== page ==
For a while we made spring rolls. Gary brought spring rolls, Chelsea brought spring rolls, Judith brought spring rolls. I’d bring them too. We all did. They were just a little different at first, but became more complicated as we tried to top each other: fresh jalapeño, unpasteurized miso, chili oil, chinkiang vinegar, lotus root, tomatillos, Thai basil, carrots cut into butterfly-shapes. Greg made one with Japanese mushrooms from a fruit stand downtown. Kayla fried garlic in peanut oil. Becca made her own cream cheese. It was ridiculous. We sat together on the floor because no one owned more than three chairs, each of us with something like forty dollars worth of stuff on our plates. It was more than ridiculous. It was unsettling. I felt unsettled, with a plate of goddamn cold-smoked quinoa rolls at a potluck. But I forgot that feeling when I sat down with the group, because when I sat I mostly wondered where Lisa’s quiet came from.

Months earlier she was boisterous. We took turns putting dishes on her head: five, six, seven plates all balanced on her crown. Her eyes flickered, rolling back and forth until the plates toppled, but she caught the pile so that not a single plate broke.

And I was puzzled that she asked, “What are we doing?” It was before the potluck. We were lying in a park. It was a moment like when you huck a stone across a gorge and it clacks against the foot of the opposite cliff: a moment that solidifies distance, that says the space that exists between two points.

“Hanging out?” I said.

“Just that?”

Lisa’d worked at a sushi place. A tupperware of tightly-wrapped spring rolls sat in her bag on the grass between us, just as the sloppily-wrapped rolls on my plate sat in their rustling green grocery bag. When I’d put my spring rolls together I hadn’t played music, because no music I played seemed to sate what my ears craved, and it seemed like there was a sheet of distorting plastic between myself and the actions of my hands.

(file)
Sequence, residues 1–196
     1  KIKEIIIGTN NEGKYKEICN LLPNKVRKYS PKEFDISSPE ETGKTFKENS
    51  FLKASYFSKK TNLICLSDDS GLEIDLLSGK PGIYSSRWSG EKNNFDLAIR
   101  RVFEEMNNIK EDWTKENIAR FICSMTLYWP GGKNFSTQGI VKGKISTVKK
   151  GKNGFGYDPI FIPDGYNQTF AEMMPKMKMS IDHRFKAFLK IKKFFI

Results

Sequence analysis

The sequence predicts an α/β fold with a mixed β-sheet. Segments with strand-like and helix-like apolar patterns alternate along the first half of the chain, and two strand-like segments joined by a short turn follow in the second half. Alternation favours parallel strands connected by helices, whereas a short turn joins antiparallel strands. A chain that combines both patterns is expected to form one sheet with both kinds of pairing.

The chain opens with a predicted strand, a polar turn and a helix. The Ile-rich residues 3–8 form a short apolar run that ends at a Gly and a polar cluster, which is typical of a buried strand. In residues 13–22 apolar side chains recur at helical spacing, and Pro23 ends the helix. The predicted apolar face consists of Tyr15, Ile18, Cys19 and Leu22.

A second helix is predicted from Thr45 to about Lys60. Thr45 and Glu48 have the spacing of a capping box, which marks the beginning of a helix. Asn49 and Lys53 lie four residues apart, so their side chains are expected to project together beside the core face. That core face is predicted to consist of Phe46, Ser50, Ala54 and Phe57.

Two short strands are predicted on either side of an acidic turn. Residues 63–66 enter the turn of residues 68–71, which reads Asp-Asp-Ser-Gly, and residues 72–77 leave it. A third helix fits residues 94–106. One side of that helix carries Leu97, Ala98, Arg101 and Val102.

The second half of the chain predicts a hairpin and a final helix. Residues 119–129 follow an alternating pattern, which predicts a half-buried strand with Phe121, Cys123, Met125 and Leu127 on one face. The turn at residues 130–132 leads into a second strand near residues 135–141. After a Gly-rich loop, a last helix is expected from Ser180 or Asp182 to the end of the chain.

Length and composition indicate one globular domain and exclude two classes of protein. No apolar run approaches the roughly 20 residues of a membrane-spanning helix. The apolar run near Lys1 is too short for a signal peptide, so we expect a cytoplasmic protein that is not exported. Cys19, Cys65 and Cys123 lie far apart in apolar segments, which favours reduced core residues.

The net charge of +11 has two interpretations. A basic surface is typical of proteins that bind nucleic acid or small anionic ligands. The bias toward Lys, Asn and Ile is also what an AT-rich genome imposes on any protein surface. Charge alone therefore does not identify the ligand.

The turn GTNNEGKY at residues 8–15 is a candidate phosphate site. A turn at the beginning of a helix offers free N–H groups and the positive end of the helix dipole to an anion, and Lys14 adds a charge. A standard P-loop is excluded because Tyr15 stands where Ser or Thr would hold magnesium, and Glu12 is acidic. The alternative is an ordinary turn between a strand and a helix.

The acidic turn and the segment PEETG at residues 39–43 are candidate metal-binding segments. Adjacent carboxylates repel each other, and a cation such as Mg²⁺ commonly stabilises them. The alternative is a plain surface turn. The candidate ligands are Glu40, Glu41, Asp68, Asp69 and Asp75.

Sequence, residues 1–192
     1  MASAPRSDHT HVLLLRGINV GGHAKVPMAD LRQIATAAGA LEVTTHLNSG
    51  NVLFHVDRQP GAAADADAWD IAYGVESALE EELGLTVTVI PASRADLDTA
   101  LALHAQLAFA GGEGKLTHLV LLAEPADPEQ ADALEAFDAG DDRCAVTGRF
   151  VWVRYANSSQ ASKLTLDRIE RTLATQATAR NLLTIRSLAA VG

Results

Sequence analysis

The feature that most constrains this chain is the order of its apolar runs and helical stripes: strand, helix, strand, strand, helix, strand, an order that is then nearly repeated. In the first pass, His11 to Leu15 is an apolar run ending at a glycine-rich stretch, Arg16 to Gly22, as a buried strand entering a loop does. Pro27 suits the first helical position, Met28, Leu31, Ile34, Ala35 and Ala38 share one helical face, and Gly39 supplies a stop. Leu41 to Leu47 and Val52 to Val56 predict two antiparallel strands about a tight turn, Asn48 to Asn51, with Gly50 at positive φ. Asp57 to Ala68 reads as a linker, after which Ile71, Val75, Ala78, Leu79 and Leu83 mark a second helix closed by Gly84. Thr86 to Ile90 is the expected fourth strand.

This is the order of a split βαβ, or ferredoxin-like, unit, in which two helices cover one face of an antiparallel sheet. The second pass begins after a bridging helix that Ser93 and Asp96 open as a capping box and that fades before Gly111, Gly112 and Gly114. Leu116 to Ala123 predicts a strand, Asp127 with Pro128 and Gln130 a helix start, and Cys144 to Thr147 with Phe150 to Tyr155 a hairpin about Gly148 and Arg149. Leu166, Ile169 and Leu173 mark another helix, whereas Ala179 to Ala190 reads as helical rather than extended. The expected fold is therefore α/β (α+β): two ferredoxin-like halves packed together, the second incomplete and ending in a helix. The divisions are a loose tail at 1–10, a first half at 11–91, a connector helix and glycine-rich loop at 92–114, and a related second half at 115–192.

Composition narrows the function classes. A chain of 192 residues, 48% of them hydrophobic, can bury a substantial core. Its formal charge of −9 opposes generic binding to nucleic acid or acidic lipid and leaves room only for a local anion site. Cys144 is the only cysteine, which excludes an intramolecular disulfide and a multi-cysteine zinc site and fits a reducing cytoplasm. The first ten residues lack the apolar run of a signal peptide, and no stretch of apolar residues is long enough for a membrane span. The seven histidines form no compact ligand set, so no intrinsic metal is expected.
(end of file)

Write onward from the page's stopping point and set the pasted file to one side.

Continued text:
“We should go.”

I’m a little worried about sharing all of this… vanity, I guess. But I think sometimes you have to share in spite of reservations, when sharing makes you look bad. I try to believe that.

It was a cold May. On cheap night Lisa and I went to see Melancholia after the potluck. And, well, afterwards I asked if she’d let me go down on her.

“Sure,” she said.

I sometimes wonder if I’ll arrive at a point in my life when silence is less painful, understanding more complete, messes less inevitable. She shrugged off her pants and sat down on the couch. No kisses. Lisa’s hands were small and the joy I felt nuzzling her came from those small hands turning rings in my hair. That was all the affection she showed.  And I was on my knees, on the floor of her living room.

I cut through the cold park on my way back. My teeth chattered. I passed one man in a brown jacket. A silvery bread bag dangled from one hand, the other hand buried in a pocket. He nodded as he walked by. I realized that he was coming from the grocery store. The potluck was tomorrow and I wouldn’t have time to get groceries and I didn’t have the stuff I needed except rice paper, but it didn’t end up mattering. Summer was looming. It brought with it the ‘slider’. At first I just wanted to use up the rice paper I’d accumulated but I kept buying rice paper and making spring rolls even though everyone else brought tiny burgers. Spring rolls became expected of me.

Lisa’s quiet left her. She got boisterous again. She balanced objects on top of her head.

I wish I could say this was a love story but it really wasn’t, it was just something that passed incidentally between two people. Since then I haven’t been able to shake the sense that’s all that really happens: incidents coursing between, and sometimes they converge and sometimes they don’t.

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